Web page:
Shortlist of recommended reading

(This is a list I’m putting together primarily for those taking part in a training event I’m leading in Devon in November.)

For those interested in understanding more about how grief affects the bereaved, here is a very limited list of suggested links and further reading.

There are virtually endless resources, so I’ve just picked out a few that I think might be most useful if you’re just looking for a quick introduction to the topic. (Most of these are external links.)

Understanding grief

Helping someone who is grieving

Supporting “Continuing Bonds”

Understanding the grieving Christian

Useful list of support organisations for those who are grieving

A page of information with links to further resources


Main website:  (explains our project, has links to events, etc)

Blog: (Abi’s blog – usually updated weekly)

Subject index for A Valey Journal bloglots to read on different sides of grief

Twitter: Living with Loss @with_loss

“A Valley Journal – Surviving Bereavement” book – by Abi May, Onwards & Upwards Publishers 2014. Available on Amazon (paperback, hardcover and ebook), and can be ordered from Waterstones and some independent retailers, or from Abi directly.




Grief companions, not grief police

Avoiding comments that are based on “should” or “shouldn’t” seems to be one of the keys for supporting those who are grieving.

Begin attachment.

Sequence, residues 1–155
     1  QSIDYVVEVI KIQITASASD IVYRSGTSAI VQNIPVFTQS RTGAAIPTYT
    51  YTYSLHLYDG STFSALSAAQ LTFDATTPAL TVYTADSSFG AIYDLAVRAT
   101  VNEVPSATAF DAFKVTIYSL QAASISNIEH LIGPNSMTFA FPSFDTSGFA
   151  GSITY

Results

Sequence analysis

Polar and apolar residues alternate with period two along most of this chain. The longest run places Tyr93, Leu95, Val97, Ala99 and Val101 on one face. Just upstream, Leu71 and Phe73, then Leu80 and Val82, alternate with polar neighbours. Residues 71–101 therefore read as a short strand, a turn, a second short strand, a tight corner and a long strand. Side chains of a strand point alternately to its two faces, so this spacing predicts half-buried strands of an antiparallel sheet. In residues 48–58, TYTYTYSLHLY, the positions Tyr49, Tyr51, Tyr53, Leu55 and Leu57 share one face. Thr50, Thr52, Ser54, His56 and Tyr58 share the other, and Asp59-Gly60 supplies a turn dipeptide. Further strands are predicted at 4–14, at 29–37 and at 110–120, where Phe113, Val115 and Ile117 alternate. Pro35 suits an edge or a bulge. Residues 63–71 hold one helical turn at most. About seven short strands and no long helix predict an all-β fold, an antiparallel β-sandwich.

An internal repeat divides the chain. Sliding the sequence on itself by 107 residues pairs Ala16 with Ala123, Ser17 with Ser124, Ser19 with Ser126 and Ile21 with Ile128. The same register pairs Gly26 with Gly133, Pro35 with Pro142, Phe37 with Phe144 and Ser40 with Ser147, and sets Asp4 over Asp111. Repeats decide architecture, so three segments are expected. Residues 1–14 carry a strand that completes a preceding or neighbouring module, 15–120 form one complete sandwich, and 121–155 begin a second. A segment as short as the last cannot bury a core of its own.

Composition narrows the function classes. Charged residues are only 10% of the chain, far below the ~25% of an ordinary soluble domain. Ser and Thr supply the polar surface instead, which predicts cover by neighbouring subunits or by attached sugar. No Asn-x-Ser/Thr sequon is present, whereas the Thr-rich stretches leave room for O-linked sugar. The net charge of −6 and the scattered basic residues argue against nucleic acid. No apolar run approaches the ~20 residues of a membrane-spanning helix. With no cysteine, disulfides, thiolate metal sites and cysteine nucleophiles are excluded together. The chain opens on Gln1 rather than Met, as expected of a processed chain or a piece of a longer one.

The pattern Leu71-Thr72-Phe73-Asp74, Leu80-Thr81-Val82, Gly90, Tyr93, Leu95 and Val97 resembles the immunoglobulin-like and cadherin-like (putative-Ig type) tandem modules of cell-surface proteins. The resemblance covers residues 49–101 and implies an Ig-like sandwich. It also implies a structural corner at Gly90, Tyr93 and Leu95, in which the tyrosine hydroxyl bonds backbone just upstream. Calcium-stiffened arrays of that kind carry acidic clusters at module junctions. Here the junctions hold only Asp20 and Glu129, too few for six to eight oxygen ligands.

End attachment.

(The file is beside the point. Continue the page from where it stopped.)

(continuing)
That’s what makes the difference between being grief companions – who walk alongside those who mourn – and grief police – who are perhaps too generous with their advice and admonitions.

Giving encouragement to each person to grieve in the way that is best for them (within reason and avoiding harmful behaviours) is what we should be aiming for, in my opinion.

I illustrate it like this:


Generally speaking, if we find ourselves using these phrases or something similar, we’re probably not being as much help as we might imagine.


Support groups and finding relief from the isolation of grief

Loneliness is one of the challenges of bereavement that many people face, particularly if the person they are grieving was their partner or had a significant role in their life.

There are various peer-led support groups that can provide relief from the sense of isolation. Here are a few ideas of places you can suggest to those you are supporting.